Officials look to Peconic Estuary Program’s future
The Peconic Estuary Program, which is part of a network of 28 nationally protected estuaries, turns 20 this year.
Officials who helped to foster the program that put the Peconic Bays in the national spotlight renewed their pledge to protect the bays in the future, at a press event overlooking Flanders Bay at Hubbard County Park in Flanders Friday morning.
The event was organized by Suffolk County Executive Steve Bellone, who arrived late because he had difficulty finding the park.
“Nine months in, I’m still getting to know some of our resources,” he joked, before presenting a proclamation honoring the 20th Anniversary of the Peconic Estuary Program to the program’s director, Alison Branco, a marine biologist with the county health department’s office of ecology.
“This program has been critical to protecting the beauty of our way of life,” he said.
Attendees to the event included federal, state and local environmentalists and government representatives, many of whom played a critical role in convincing the federal government to place the Peconic Bays in the National Estuary Program in 1992.
The designation has made the bays eligible for funding at all levels of government for programs ranging from free boat pump-out service to storm drain installation to brown tide research and scallop restoration projects.
“This is a great day for Eastern Long Island and a great day for the Peconic Estuary,” said Congressman Tim Bishop (D-Southampton).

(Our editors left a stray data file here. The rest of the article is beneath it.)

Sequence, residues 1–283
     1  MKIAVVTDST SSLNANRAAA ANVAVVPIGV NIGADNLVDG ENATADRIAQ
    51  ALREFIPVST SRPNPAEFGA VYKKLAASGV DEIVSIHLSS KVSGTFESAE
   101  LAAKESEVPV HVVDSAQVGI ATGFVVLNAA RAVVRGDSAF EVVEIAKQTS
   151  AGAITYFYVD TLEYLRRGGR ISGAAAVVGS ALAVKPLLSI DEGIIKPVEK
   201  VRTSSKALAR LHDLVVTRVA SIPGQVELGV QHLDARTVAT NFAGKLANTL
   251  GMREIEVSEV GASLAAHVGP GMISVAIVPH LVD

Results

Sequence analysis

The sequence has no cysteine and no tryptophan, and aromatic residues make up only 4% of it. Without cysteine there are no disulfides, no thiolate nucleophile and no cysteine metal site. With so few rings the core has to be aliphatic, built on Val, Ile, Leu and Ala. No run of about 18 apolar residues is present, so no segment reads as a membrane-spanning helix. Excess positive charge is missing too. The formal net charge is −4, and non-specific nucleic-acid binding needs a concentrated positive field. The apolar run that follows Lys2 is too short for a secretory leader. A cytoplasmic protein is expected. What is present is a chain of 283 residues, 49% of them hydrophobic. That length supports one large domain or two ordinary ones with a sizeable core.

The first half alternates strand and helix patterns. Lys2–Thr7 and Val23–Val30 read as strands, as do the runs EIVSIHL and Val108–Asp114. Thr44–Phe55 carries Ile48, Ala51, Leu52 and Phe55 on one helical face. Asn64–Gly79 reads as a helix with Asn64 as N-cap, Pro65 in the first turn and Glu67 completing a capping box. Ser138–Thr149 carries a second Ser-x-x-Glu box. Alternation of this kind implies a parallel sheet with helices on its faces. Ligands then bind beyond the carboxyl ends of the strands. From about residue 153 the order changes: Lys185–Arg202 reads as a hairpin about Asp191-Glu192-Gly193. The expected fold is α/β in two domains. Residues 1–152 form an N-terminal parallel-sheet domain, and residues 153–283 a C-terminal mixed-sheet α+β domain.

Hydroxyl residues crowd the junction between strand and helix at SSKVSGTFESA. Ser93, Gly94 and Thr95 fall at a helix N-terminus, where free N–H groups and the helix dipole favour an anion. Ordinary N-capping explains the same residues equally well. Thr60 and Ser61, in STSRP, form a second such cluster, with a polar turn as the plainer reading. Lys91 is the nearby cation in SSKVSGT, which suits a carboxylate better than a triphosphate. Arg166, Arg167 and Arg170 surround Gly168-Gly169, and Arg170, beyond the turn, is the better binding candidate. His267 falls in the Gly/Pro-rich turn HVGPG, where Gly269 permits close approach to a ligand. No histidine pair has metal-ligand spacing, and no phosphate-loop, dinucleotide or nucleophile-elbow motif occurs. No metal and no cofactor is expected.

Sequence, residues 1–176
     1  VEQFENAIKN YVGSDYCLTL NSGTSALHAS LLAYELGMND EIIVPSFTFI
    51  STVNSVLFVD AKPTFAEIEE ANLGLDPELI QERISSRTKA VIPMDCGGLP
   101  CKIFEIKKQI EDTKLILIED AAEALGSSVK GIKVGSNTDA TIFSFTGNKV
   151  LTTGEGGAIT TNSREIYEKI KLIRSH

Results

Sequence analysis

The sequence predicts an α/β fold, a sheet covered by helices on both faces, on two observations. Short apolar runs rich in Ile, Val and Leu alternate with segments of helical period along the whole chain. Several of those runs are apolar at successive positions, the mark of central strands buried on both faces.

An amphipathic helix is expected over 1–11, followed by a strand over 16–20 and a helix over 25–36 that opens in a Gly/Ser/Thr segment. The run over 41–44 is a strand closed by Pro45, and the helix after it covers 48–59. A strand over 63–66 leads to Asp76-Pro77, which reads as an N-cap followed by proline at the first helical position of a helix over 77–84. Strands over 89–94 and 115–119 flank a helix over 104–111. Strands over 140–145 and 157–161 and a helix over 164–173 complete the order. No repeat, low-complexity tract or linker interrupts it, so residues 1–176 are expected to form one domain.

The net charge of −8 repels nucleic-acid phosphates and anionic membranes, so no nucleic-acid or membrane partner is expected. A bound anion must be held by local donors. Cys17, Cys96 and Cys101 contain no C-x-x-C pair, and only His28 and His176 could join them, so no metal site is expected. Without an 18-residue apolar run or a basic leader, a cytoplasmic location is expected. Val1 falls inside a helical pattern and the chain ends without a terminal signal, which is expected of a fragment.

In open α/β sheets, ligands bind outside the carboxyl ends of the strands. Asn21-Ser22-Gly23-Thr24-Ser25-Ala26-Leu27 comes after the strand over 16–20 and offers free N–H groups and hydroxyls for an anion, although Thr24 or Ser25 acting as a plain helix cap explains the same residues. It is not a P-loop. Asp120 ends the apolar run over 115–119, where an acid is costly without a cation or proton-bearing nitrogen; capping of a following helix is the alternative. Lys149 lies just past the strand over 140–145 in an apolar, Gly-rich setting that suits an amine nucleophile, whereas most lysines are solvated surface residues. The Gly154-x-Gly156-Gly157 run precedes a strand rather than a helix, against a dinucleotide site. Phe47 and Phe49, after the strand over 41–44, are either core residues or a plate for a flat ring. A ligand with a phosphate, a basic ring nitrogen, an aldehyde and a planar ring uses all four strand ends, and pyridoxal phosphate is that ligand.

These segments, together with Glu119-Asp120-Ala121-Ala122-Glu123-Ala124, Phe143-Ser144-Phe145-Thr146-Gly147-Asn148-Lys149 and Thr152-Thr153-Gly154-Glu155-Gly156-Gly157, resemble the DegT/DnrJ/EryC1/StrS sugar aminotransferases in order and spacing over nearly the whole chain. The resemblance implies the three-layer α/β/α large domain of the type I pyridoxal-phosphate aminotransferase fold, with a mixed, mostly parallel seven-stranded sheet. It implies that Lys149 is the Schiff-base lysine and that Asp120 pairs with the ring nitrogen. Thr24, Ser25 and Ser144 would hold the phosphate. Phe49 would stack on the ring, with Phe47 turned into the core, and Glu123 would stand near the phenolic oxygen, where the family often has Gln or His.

Mr. Bishop stressed that more work has to be done to keep the federal government at the table in protecting sensitive estuaries.
State Assemblyman Fred Thiele (I-Sag Harbor), who was serving on the county Legislature when the county petitioned the federal government to make the Peconics a national estuary, recalled the Legislature’s efforts, as well as the efforts of Kevin McDonald of the Nature Conservancy environmental group, which helped lead the charge to have the estuary included in the program.
Mr. Theile echoed the theme of many public officials in attendance Friday, that the estuary is crucial to the tourism industry and the economy of Eastern Long Island.
He turned to look out the window of the building where the press conference was held, through the falling rain, at the salt marshes and the bay.
“I see a beautiful site, but I also see jobs,” he said.
DEC regional director Peter Scully pointed out that the state has invested in scallop restoration and other projects since the estuary was added to the national program.
“Good work begets good work,” he said. “This is a solid program.”